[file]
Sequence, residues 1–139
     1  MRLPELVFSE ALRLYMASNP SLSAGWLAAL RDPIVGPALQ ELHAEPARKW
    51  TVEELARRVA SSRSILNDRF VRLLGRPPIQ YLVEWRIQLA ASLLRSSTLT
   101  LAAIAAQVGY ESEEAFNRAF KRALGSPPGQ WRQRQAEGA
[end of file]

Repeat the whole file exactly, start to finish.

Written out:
Sequence, residues 1–139
     1  MRLPELVFSE ALRLYMASNP SLSAGWLAAL RDPIVGPALQ ELHAEPARKW
    51  TVEELARRVA SSRSILNDRF VRLLGRPPIQ YLVEWRIQLA ASLLRSSTLT
   101  LAAIAAQVGY ESEEAFNRAF KRALGSPPGQ WRQRQAEGA